“For more than 20 years, I’ve been trying to get better outcomes and save lives through public health and health IT,” says Dr. Mostashari. “After literally decades of trying to find different approaches, I realized that you have to combine all the quality improvements and technology and align it with the right business model.”
The osteopathic connection
The data analytics aspect of population health aligns with the osteopathic philosophy of preventive care, according to Dr. Bowden.
“It goes hand in hand because it’s taking care of the entire patient,” says Dr. Bowden. “With population health, you have to know that patient and their individual metrics, their blood pressure and blood sugar, but also their home life and stressors. To really impact somebody’s health, you need to know that.”
Dr. Bowden and the DOs who practice with him at Charleston Internal Medicine have also benefited from Medicare Advanced Payments for ACOs, which has given them funding to start initiatives.
“A lot of us use that money for chronic care management programs,” he says. “We hire people to do annual wellness visits and outreach to patients. They help patients navigate the whole health care system and have direct communication with us.”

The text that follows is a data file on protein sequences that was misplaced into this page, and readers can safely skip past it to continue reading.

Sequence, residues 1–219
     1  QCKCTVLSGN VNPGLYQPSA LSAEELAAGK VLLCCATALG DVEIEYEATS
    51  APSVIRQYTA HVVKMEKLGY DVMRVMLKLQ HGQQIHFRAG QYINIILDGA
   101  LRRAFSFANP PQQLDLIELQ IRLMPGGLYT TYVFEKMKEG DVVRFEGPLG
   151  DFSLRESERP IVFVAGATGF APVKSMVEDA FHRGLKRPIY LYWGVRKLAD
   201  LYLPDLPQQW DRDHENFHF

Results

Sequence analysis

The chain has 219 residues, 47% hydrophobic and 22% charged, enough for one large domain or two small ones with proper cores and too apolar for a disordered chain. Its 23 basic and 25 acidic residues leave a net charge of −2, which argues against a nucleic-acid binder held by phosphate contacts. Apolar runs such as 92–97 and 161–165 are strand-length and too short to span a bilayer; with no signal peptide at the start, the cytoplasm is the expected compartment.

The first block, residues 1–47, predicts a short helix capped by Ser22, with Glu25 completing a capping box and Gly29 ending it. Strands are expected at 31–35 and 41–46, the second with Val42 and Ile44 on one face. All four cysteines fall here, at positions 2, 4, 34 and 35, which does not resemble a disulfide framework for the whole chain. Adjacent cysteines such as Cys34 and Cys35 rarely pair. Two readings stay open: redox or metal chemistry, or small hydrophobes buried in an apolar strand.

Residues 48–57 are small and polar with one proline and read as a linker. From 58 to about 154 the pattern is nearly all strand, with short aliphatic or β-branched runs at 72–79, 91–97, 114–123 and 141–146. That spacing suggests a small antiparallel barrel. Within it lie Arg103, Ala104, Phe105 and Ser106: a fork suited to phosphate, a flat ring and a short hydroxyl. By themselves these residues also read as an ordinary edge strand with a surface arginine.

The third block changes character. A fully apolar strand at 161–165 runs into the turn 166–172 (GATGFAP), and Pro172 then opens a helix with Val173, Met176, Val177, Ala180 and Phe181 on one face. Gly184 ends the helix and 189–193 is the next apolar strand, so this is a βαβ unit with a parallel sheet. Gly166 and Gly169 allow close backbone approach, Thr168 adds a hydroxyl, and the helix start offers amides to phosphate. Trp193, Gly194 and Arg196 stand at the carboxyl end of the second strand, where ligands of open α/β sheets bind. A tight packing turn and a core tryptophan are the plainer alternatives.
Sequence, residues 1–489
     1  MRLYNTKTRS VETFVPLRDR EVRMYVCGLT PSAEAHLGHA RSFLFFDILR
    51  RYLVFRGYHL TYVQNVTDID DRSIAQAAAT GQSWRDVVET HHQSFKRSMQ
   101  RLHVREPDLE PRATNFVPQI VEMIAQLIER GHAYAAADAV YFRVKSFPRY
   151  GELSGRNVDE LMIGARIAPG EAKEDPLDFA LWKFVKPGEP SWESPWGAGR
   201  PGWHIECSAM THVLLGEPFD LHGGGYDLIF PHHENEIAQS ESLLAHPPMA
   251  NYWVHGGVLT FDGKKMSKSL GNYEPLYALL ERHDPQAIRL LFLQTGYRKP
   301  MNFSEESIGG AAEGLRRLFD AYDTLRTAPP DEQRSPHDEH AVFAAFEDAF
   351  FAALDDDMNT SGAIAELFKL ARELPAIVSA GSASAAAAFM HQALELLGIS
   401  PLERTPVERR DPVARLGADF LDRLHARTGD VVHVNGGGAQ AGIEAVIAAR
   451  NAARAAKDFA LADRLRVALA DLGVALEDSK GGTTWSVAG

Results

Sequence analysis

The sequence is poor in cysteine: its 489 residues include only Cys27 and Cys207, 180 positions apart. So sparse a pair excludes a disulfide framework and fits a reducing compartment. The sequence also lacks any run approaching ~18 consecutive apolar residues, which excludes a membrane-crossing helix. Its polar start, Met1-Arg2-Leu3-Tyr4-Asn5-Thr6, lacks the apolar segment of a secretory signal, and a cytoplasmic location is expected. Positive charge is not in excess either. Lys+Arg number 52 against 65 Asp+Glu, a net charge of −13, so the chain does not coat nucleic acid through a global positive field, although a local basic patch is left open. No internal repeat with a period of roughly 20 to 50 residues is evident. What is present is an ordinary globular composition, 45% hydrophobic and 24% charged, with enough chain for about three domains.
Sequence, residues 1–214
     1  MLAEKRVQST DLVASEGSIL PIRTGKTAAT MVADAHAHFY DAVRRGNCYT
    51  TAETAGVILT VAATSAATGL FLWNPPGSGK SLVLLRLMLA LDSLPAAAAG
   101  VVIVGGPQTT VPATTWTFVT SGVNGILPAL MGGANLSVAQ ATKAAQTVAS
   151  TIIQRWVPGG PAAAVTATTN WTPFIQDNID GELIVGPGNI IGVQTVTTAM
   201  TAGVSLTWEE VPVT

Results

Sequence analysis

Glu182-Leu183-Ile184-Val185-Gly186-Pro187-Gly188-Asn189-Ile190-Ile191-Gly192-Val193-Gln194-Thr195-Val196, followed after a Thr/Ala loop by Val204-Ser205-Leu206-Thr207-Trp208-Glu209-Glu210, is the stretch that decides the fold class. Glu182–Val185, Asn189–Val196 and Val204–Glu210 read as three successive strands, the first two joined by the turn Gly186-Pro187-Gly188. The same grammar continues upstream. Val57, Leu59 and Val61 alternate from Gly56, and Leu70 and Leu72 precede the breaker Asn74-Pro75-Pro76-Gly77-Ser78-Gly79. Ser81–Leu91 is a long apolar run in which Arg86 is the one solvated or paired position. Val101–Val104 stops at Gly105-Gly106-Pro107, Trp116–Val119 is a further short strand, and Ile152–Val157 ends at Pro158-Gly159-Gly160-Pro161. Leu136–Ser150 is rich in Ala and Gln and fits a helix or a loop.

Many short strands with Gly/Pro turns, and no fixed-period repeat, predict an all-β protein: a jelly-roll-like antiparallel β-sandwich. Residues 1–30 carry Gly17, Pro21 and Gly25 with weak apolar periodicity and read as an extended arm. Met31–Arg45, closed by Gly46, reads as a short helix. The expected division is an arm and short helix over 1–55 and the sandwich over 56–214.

The Aledade model, which is now active across 20 states, partnering with 200 independent, physician-led practices, works well in less-populated areas where primary care physicians are in charge and quarterback patient care, says Dr. Mostashari. This aligns well with osteopathic medicine.
“The idea of taking care of the holistic patient is one that’s deeply embedded in the osteopathic tradition,” says Dr. Mostashari. “And we find some of our most capable physicians in population health are trained in that tradition. The whole patient is in their charge, and that includes the patient’s home and community, all the social determinants of health.”